of the industry were yet to be fully harnessed to make meaningful contribution to the economy. Nigeria’s economy is the second largest in Africa and dominant in the West African sub-region, with an increasing energy demand. Nigeria’s real GDP was $320 billion as at 2015 with a growth potential of $476 billion by 2025, averaging four per cent per annum.
Nigeria’s petroleum product demand is expected to grow from 13.2 million metric tonnes in 2015 to 15.1 million metric tonnes in 2020 and 17.3 million metric tonnes by 2025 while the population growth corresponding to this demand is 182 million in 2015, 207 million in 2020 and 234 million in 2025 respectively. However, for Nigeria to achieve meaningful development, it had been argued that there must be an effective linkage between all segments the oil and gas value chain and the Nigerian economy, from the exploration, extraction, production, refining, transportation, down to the distribution, storage marketing of petroleum products.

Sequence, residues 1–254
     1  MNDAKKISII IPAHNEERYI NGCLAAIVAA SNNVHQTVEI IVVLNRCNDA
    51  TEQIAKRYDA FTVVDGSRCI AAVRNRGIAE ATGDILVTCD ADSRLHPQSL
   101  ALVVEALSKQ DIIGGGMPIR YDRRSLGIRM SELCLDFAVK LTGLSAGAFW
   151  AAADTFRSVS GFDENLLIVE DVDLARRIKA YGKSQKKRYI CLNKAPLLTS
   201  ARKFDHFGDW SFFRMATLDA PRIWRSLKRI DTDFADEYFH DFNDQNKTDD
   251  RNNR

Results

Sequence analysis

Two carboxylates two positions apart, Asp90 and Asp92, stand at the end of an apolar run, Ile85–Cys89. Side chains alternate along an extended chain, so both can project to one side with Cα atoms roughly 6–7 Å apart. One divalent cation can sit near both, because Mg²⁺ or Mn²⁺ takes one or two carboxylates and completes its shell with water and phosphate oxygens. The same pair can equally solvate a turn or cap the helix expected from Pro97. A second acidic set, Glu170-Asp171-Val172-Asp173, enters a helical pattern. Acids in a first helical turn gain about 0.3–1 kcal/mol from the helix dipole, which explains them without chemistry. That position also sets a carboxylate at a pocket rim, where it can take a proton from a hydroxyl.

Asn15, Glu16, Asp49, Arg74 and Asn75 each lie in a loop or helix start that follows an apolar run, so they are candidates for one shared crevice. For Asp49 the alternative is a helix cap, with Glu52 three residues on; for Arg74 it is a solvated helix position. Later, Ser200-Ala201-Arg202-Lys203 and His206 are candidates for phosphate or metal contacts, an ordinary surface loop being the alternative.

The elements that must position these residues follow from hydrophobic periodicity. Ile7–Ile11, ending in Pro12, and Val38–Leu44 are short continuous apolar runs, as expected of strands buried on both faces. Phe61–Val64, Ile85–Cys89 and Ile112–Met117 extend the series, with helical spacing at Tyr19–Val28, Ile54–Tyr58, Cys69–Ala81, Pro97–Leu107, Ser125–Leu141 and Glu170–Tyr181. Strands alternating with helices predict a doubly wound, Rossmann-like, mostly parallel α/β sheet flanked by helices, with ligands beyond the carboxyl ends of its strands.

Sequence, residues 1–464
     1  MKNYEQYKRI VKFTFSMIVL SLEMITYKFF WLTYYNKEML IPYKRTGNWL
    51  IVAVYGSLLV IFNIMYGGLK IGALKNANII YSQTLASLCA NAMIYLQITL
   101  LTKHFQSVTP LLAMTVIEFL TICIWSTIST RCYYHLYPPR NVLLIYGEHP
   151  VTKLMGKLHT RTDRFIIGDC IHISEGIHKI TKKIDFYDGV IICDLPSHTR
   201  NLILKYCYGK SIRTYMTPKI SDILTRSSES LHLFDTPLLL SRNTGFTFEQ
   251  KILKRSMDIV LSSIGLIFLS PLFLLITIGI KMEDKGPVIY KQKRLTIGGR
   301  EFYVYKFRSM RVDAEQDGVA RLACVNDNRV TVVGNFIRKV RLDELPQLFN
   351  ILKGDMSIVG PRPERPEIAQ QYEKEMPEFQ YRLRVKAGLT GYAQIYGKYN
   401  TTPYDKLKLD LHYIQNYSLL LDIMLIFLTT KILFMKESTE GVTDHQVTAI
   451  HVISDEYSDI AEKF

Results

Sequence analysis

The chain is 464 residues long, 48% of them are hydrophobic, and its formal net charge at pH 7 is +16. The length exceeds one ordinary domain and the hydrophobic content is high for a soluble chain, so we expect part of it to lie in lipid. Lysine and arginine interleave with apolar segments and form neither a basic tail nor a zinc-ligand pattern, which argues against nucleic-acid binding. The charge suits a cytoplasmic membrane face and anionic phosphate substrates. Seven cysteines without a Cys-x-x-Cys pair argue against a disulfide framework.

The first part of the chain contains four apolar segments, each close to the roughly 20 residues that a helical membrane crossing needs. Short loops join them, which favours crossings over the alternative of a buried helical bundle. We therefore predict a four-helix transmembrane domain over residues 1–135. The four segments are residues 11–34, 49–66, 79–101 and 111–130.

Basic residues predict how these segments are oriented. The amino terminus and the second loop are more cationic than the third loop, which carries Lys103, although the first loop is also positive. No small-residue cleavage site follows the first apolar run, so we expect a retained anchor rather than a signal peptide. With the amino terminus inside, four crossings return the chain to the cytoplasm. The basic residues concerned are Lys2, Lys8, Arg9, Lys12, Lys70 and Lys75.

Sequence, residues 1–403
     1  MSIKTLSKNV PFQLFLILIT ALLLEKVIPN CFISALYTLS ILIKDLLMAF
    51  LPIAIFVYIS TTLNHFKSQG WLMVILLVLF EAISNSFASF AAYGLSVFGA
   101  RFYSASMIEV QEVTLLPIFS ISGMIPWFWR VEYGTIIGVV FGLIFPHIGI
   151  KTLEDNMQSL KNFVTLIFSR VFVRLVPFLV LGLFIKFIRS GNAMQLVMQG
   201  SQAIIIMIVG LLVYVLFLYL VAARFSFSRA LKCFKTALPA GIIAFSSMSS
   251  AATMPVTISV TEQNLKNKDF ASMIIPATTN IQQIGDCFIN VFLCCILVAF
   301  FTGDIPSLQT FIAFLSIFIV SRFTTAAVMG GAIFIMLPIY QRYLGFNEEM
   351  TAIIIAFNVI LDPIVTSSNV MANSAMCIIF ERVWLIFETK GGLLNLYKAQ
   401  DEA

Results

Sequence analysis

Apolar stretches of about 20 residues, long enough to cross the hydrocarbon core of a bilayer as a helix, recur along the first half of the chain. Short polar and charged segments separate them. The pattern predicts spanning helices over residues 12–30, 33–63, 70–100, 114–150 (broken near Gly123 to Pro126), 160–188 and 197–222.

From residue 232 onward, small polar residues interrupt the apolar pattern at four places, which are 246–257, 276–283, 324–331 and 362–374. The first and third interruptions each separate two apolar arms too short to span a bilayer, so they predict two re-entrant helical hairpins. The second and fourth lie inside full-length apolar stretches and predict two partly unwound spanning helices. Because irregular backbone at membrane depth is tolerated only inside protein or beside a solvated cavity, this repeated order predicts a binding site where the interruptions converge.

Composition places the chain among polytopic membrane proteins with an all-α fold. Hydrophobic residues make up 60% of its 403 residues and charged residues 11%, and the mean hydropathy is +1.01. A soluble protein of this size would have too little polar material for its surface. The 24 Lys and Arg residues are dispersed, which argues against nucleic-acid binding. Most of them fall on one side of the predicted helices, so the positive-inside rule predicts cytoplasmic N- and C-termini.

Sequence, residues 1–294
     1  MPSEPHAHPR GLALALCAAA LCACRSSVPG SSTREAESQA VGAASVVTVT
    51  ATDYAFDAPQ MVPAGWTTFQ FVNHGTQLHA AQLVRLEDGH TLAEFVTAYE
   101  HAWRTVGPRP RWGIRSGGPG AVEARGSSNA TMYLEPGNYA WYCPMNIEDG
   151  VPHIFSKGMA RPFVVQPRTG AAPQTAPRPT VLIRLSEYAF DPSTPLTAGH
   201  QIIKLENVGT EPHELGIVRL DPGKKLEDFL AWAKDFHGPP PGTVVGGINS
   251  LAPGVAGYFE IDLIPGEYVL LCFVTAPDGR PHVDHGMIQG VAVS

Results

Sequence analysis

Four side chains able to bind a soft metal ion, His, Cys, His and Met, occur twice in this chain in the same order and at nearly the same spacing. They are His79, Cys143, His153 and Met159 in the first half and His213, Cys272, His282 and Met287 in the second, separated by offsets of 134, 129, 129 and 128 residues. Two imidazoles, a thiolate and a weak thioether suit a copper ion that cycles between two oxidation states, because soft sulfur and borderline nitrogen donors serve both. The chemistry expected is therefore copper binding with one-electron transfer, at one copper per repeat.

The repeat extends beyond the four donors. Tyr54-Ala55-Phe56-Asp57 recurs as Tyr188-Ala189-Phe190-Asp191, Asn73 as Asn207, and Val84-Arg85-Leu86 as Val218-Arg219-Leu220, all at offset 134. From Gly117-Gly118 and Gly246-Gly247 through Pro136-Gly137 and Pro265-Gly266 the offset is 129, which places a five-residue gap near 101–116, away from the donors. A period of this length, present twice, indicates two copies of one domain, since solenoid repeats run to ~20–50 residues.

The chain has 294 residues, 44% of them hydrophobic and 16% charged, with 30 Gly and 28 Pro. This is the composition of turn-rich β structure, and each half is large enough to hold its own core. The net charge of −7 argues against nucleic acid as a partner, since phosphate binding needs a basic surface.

In a Policy Research Working Paper, titled, ‘Political Economy of the Petroleum Sector in Nigeria’, Alex Gboyega of the University of Ibadan and other authors, Tina Søreide, Tuan Minh Le and G. P. Shukla, noted that every institution along the Nigerian extractive industries value chain that potentially could prevent fraud was weak. They argued that although these weaknesses allow for manipulation, it is clear that the necessary underlying conditions for what generally is perceived as best practice in petroleum governance are not in place. The energy experts disclosed that Nigeria does not develop from as much of its revenues as it could, noting that numerous studies have pointed to deep-rooted corruption and misuse of power to the exclusive benefits of some groups at the cost of society at large. They said, “Governance challenges are difficult to identify and analyze, however. They require insights into complex power alliances, which cut across formal structures, hierarchies, or sectors. Political power bolstered by petroleum revenues at the federal level has had ramifications beyond the three tiers of governance.
“The alternative explanations behind weak development tend to point toward the political setup. For example, the institutional framework for petroleum governance has not been made strong enough to prevent conflict of interest.”